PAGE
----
The decades of the 1950s and the 1960s were a period of great ferment and change in America. It saw the rise of the Civil Rights Movement in which black Americans agitated forcefully for equal rights in their fight against racial, political and economic discrimination. So although this period was one of relative economic prosperity, a new younger generation of Americans felt a sense of drift in their lives where crass consumerism was a given. The times and moods caused these young Americans to seek some deeper meaning in their lives and so some of them produced the so-called SDS Huron Statement. This was a political manifesto to express the feelings and beliefs of the students activist movement in their organization named as the Students for a Democratic Society (SDS). Port Huron is a little community in the park near Lakeport, Michigan. This was the period of the so-called Flower Movement in which the students advocated for peace (their famous slogan was “Make Love, not War”) and against an American involvement in the Vietnam War, a very unpopular war back then and even now. It was not a justifiable war and many evaded the military draft or burned their draft cards.
Beyond an easy life, theAmericans in this period experienced feelings of emptiness or is called as ennui. There is a certain drift in their lives that in a way lacked deeper meaning or any purposeful commitment. The prosperity lead to endless parties with youngsters having the time of their lives but too much idle time can be unproductive too. In a word, Americans at this period in their history were bored; there was listlessness. It was a dissatisfaction with the state of things that it gave rise to the Flower Movement and anti-Vietnam war protests. Americans were critical of their society despite admitting that “then too, we are a materially improved society, and by our own improvements we seem to have weakened the case for further change.” These people sought a role in the new world, that “some would have us believe that Americans feel contentment amidst prosperity. . .” (Hayden 43).

In relation to this culture of consumption (or as some will say, an over-consumption), Juliet Schor wrote a series of articles criticizing this American culture predicated on the type of mentality of having what one wants now. It also becomes a question of wanting things and not needing those things. Americans are in effect over-spending themselves on unnecessary items, using as a convenient excuse or alibi the culture of credit cards, advertisements, sales on bargains, garage sales and anything that will promote purchasing and consumerism. It had also created a feeling of unease among Americans in which they feel they lost touch with their more important values in life. People felt they had been dumbed-down, so to speak, by buying and focusing their energies on what to buy next time. They worry about their finances and on how they are going to pay for all of those purchases (Schor 1).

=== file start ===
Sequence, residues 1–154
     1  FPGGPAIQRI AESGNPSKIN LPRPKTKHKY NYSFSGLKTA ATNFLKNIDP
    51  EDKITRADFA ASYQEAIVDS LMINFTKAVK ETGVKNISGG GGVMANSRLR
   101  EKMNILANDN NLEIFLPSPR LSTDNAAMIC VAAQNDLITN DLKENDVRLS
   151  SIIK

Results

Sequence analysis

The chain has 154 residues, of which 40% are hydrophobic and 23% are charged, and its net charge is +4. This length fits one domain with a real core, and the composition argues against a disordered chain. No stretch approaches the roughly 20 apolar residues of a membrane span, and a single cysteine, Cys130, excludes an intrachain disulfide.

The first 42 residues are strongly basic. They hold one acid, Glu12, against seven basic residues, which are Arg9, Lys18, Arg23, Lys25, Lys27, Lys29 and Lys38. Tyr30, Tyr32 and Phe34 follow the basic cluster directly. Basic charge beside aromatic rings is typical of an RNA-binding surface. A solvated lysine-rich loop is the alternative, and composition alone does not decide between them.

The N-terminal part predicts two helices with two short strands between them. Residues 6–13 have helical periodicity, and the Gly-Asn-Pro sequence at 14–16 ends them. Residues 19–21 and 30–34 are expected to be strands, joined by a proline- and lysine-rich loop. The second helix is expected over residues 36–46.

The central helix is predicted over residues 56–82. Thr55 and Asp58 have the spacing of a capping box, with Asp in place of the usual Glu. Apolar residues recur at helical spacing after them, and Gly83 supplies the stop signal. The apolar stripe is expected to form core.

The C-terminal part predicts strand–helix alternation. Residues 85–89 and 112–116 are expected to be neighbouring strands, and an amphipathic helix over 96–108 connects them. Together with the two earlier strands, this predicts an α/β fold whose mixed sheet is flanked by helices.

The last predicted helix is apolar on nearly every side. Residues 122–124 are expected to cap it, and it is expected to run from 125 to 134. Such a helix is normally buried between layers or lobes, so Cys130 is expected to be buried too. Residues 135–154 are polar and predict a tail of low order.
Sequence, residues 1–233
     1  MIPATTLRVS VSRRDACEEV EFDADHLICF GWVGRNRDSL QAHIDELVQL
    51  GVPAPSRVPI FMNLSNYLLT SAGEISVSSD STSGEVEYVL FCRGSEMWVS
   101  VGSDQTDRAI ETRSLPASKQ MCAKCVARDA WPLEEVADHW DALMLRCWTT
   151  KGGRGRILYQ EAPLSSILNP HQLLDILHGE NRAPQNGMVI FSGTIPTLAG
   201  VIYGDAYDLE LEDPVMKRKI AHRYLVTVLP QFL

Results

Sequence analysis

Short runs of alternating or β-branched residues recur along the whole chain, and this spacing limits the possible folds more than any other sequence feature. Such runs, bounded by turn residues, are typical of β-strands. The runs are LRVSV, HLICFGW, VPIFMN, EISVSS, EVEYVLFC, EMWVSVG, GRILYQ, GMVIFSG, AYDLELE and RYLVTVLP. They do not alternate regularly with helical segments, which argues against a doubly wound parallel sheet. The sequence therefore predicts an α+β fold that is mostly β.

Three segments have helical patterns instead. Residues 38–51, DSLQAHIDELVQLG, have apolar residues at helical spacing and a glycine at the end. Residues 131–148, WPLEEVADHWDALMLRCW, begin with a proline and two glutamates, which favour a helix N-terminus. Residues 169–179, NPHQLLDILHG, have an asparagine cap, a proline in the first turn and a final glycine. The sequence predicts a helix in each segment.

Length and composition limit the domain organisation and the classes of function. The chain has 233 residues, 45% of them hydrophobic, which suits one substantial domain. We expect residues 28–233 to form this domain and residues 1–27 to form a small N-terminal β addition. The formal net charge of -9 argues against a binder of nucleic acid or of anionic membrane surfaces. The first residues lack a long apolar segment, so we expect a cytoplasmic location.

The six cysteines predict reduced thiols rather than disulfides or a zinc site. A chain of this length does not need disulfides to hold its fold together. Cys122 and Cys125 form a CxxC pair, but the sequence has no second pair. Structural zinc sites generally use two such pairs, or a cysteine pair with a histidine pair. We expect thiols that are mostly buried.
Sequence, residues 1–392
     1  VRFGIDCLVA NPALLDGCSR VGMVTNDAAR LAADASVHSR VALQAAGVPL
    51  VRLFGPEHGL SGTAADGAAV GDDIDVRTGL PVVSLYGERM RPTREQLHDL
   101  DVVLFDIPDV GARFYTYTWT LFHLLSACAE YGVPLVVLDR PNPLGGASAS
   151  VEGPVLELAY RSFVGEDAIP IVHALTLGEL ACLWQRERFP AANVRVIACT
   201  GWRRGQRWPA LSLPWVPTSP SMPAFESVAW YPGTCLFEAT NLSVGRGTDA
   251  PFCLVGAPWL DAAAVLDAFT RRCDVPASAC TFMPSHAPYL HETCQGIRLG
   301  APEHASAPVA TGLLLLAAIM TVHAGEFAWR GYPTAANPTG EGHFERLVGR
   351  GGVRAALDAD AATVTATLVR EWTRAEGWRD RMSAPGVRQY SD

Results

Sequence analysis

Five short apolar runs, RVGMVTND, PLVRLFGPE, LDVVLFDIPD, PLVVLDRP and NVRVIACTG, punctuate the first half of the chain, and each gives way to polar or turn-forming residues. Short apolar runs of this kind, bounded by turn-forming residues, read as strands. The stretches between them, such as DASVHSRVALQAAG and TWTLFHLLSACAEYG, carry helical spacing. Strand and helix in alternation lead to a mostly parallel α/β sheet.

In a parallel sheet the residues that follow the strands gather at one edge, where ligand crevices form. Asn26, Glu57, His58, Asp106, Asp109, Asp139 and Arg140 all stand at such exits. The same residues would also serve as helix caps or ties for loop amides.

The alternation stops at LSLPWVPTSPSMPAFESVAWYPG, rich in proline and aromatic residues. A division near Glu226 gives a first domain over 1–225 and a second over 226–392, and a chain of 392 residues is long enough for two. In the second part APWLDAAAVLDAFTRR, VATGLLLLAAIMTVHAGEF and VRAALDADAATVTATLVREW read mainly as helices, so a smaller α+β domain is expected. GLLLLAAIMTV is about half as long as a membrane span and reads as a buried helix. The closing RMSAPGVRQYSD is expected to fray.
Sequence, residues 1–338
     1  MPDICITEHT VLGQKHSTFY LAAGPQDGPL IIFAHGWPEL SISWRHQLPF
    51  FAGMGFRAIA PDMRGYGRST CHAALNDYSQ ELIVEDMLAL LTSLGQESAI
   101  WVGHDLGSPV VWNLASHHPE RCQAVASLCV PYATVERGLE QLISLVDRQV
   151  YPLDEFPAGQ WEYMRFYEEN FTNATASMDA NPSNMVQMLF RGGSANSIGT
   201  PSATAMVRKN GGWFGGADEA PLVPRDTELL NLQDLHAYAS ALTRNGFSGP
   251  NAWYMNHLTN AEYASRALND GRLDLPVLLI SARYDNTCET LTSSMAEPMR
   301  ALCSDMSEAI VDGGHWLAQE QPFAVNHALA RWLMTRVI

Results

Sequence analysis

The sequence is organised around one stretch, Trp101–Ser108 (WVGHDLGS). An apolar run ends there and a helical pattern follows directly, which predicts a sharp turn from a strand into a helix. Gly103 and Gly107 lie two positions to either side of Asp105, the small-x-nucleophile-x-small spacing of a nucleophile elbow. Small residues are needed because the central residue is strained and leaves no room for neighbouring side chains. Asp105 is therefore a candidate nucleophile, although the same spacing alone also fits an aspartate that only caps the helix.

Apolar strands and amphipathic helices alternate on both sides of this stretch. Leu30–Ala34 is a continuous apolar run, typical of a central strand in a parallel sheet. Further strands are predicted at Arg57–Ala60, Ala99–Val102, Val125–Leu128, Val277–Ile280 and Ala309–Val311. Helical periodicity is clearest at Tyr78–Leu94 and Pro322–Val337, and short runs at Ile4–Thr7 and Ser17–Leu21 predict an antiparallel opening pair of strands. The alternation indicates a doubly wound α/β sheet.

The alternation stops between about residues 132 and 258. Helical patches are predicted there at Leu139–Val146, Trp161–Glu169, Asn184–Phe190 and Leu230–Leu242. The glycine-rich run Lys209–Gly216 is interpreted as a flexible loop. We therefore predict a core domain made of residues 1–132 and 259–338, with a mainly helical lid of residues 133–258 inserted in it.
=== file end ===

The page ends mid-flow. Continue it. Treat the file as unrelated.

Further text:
In order to counter this trend in consumerism, Ms. Schor proposed several ways. Her alternatives include, among others, is to acquire a right sense of proportion in living. It means that people should not aspire to anything beyond living a comfortable life. This means a more or less decent standard of living, in order to distinguish between wants and needs. The idea is to prevent people from buying more than what is necessary, that is restrain their wants. This is also closely related to what she termed as “quality of life” in conjunction with rising incomes. People have more money but they seem more unhappy than ever because they keep aspiring. In other words, people should not confuse and equate consumption with wellbeing. Another way of saying it or looking at the state of things is to veer away from a materialistic outlook in life and shift it towards more enduring values such as family ties, religion, social justice and a firm commitment to improving the community. These alternatives also present a new way to help preserve the environment by getting only what one needs. At present, over-consumption had dwindled the planets natural resources and degraded the environment.